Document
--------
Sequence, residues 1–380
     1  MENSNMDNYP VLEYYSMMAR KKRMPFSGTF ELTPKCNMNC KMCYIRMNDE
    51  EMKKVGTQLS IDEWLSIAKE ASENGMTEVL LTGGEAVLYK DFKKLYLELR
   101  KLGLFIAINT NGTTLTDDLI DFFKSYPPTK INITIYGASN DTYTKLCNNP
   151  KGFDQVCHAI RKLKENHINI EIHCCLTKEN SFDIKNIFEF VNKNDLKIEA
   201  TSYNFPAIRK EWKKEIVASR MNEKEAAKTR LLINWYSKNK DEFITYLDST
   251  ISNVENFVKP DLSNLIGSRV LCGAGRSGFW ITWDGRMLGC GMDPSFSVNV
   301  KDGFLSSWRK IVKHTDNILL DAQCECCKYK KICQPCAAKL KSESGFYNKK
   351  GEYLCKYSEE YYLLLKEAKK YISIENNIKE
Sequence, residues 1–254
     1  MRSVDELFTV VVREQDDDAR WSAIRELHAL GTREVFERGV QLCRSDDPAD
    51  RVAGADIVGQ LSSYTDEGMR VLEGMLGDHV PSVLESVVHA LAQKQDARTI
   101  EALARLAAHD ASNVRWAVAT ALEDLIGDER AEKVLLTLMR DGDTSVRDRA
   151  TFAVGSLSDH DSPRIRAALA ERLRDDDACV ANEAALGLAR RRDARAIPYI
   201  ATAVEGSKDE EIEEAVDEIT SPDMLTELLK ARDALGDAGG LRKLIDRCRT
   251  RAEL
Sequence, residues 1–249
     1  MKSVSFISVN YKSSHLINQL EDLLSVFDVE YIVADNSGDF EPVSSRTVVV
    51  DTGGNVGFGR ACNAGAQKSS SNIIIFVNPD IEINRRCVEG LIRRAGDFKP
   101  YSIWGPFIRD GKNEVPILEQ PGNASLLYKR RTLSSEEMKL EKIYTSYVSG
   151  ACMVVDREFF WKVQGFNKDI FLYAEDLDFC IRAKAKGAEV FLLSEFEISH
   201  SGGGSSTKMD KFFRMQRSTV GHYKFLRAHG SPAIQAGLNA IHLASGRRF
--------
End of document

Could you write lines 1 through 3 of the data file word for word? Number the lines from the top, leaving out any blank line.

Sequence, residues 1–380
     1  MENSNMDNYP VLEYYSMMAR KKRMPFSGTF ELTPKCNMNC KMCYIRMNDE
    51  EMKKVGTQLS IDEWLSIAKE ASENGMTEVL LTGGEAVLYK DFKKLYLELR